I am not native English, but native Dutch. Dutch and German sometimes are really close. 'Bedienung' in Dutch is supposed to mean "all the waiters/waitresses" or in other words: "everyone who serves you". Derived from the verb "to serve" or 'dienen'. Is there a native German who can confirm this meaning, and a native Englishman who can give a more accurate translation. Waiters (plural) is not being accepted, only waiter, which seems wrong.
Bedienung can mean waiter/waitress (sgl.) in German. It can also mean the service in a restaurant in general. In the second sense, I suppose you could say it refers to all the waiters, but that would be a matter of interpretation. The word "Bedienung" also has a couple of other meanings that are unrelated to restaurants.
See here: http://goo.gl/23GifV
And here (meaning 1 and 3a): http://www.duden.de/rechtschreibung/Bedienung#Bedeutung3a
PS: I don't speak Dutch, but I think it is both an advantage and a disadvantage that the languages are so close. For example, the blurb on my deodorant says in Dutch "Laat geen restproduct achter". For me as a German, this sentence is perfectly understandable. At the same time it's also a bit funny, as the word "achter" is a naval term in German and refers to the the rear end ("aft") of a ship. So while the word "achter" is apparently a normal word for "behind" in Dutch, it's only used in highly specialised contexts in German. ("Achter" can also mean "eighth", but that's a different matter).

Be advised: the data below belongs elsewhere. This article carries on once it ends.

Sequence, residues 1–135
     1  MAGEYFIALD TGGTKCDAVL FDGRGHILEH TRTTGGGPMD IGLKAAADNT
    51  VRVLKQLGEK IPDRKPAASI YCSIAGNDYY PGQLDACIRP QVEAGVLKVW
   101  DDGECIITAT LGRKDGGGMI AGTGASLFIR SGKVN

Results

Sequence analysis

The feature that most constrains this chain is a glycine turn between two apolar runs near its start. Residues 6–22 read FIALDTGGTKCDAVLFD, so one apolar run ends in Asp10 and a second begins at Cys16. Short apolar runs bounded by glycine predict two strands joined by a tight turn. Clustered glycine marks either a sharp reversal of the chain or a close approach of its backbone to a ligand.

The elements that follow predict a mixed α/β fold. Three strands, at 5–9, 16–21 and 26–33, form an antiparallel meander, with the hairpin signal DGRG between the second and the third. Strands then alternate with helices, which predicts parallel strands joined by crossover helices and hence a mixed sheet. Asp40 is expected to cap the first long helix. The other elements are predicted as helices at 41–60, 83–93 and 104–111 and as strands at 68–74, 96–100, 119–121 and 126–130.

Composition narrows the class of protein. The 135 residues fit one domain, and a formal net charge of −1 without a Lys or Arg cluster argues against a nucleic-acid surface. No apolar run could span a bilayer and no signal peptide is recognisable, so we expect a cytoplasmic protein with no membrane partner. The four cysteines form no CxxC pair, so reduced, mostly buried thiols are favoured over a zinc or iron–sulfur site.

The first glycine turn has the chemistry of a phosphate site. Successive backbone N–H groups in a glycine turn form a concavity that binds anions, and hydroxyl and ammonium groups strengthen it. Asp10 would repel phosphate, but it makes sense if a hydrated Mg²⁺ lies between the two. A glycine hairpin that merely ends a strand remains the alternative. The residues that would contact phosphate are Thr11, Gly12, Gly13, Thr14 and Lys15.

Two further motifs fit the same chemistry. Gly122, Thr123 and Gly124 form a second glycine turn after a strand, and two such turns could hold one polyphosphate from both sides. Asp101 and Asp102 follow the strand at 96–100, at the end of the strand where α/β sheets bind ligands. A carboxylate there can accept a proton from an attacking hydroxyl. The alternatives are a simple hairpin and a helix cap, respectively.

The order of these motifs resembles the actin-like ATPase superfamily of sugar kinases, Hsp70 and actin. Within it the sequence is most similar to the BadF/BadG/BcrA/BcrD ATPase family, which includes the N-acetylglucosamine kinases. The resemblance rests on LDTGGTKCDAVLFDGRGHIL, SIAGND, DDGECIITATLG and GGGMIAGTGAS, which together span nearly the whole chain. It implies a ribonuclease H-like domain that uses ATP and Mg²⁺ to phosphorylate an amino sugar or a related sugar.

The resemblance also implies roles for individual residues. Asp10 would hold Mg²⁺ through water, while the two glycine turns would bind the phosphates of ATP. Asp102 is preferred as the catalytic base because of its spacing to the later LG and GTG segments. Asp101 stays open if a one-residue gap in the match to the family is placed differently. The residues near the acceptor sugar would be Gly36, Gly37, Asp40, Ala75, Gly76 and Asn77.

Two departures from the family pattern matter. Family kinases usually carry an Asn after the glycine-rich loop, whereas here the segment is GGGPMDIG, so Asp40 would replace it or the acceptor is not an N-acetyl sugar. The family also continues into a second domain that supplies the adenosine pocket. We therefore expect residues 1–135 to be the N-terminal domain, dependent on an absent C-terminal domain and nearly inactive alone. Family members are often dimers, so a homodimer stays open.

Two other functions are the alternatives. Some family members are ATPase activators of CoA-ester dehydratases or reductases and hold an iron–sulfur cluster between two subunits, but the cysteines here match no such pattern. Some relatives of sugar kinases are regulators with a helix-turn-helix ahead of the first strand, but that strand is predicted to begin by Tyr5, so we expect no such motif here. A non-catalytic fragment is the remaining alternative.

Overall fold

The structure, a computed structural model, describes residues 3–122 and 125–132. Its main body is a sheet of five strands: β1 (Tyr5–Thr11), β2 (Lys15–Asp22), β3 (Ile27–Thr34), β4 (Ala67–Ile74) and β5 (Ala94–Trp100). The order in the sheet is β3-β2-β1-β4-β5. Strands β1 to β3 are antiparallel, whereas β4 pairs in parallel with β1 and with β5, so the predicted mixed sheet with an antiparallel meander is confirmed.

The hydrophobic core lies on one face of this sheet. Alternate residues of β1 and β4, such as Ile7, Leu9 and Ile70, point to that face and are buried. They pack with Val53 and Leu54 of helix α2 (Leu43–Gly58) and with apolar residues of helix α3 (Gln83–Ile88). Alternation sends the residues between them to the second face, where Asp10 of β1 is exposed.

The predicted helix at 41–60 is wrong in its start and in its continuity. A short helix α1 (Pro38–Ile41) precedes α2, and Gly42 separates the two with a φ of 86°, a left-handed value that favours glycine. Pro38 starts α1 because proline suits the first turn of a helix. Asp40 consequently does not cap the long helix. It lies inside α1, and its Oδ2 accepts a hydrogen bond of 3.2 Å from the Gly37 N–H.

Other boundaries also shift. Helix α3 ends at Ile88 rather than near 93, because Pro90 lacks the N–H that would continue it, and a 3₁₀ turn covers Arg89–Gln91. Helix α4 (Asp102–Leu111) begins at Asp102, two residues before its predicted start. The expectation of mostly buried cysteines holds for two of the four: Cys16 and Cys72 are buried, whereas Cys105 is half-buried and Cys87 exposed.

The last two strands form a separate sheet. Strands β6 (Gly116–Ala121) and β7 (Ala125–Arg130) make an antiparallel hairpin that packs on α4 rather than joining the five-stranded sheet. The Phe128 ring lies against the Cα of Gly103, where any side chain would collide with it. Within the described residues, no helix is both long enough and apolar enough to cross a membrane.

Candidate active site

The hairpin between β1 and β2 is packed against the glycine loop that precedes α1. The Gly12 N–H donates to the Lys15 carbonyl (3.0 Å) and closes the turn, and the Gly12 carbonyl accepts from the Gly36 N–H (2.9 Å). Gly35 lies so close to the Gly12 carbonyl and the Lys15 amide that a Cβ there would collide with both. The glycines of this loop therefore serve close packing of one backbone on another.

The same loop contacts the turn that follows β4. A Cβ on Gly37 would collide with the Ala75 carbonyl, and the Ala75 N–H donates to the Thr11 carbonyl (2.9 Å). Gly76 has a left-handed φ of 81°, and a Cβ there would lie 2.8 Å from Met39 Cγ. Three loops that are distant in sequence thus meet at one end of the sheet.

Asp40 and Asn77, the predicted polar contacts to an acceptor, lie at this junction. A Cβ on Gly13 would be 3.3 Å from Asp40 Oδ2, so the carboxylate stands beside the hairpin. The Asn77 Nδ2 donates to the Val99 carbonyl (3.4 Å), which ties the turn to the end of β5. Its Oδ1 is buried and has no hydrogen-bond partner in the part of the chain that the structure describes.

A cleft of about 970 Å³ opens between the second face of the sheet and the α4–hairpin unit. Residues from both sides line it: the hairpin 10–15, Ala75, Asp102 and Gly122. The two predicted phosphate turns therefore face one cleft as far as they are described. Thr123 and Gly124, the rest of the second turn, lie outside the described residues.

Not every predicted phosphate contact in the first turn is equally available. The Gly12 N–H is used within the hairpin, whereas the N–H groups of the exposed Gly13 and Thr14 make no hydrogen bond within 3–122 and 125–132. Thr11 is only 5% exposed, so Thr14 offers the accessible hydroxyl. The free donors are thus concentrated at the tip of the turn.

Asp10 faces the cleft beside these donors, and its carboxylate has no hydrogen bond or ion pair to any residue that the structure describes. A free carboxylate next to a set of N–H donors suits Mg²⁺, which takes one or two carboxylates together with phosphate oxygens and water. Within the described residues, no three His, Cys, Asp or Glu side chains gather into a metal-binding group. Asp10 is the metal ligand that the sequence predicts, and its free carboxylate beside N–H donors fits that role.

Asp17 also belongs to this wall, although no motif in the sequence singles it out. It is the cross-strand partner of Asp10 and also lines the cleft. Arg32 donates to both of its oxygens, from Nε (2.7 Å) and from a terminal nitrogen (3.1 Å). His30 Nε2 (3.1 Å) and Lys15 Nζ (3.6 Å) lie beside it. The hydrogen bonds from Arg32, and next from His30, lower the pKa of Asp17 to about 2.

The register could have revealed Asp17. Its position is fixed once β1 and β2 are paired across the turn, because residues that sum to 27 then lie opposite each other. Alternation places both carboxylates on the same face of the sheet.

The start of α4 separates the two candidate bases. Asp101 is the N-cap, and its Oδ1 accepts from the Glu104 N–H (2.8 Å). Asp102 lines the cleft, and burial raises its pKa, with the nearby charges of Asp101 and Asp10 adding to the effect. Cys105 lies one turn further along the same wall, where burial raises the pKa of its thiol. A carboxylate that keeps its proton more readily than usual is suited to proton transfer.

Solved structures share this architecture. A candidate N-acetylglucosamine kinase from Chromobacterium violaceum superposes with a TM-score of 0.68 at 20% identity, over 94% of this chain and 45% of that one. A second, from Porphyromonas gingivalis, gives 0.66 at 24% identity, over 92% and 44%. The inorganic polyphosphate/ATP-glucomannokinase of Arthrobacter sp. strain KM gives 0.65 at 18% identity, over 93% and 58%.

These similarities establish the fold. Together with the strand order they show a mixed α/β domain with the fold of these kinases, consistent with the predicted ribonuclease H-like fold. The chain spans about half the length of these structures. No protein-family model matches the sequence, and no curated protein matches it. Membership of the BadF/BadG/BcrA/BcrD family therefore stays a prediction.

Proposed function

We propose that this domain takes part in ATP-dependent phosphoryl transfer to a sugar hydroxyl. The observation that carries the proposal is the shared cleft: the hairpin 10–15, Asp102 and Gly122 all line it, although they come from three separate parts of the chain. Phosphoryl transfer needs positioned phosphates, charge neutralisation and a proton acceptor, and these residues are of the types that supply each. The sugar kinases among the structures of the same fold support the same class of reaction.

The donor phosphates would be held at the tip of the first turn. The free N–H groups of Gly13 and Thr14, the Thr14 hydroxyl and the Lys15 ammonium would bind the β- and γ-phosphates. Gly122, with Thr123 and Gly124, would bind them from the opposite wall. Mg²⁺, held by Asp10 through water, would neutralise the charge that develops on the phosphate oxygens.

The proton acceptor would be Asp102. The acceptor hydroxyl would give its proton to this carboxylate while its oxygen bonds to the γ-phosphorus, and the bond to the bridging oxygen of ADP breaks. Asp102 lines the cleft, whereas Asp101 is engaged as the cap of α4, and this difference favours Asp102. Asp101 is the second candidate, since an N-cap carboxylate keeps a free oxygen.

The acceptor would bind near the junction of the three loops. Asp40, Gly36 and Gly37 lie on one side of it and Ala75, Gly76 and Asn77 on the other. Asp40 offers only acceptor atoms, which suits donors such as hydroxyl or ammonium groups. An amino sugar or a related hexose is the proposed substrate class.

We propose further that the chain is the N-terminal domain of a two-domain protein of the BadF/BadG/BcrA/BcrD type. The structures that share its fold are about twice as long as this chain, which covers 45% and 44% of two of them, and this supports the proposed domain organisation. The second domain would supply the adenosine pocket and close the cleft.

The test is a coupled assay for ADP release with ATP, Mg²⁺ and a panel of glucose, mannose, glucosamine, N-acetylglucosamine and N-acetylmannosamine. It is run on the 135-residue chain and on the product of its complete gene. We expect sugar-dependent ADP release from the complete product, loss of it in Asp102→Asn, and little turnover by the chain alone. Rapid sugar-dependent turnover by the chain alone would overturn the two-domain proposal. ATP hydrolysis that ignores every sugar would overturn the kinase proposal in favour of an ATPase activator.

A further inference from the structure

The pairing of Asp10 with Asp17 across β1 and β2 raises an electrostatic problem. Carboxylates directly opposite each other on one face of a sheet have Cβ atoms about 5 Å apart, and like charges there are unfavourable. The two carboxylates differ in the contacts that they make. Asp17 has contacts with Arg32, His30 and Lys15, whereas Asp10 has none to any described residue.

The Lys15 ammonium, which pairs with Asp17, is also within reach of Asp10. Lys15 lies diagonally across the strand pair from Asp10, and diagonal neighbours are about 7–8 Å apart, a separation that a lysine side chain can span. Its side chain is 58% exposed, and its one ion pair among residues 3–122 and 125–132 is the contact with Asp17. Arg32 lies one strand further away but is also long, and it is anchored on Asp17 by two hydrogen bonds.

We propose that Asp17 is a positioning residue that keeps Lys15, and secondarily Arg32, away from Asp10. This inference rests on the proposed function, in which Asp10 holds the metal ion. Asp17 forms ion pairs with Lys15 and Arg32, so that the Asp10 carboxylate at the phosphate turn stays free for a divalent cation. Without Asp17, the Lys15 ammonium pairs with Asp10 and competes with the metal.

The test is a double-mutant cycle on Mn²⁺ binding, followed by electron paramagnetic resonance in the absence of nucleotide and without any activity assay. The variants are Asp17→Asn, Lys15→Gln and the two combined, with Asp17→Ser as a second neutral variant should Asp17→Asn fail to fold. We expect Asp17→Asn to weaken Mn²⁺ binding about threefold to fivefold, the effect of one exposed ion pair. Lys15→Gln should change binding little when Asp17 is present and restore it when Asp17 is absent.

Oh right, so the English 'Service' is actually used to mean the staff (waiters etc) serving you, aka the more general sense of the word 'Bedienung'?
It's really funny, Knowing a similar language makes conversations a little easier, more fluent. Anyway, this is not the space to chat, thanks for your insight!
FWIW I get this wrong every time, I speak USA English, I hear "buh-dee-moh" for this every single time. Thankfully DL is letting me try and fix it, and I realize it's something I have to figure out. In my mind, I would think it would be pronounced "buh-deen-ung" rather than "buh-dee-moh". Am I wrong in my thinking here?
It's definitely supposed to sound more like "buh-deen-ung". See IPA: [bəˈdiːnʊŋ] http://en.wiktionary.org/wiki/Wiktionary:International_Phonetic_Alphabet
Native speaker pronouncing "Bedienung" http://www.forvo.com/word/bedienung/#de
It's sort of clipped at the beginning, but just know that it should start with a "b" sound.
That's a meaning of the word exclusively used in parts of Austria. In Germany, it refers to restaurants or shops (among other things; see also my links above).
See here (first link, meaning 4):
"Be-" is a prefix that means "to" "dienen" means "Serve" and "-ung" is the equivalent of the "-ing" suffix. BTW I got this from Wiktionary which I find very helpful in situations like this. Also it does a good job with etymology as well. So you can trace the ancestry of a word and sometimes figure out the English word it is related to.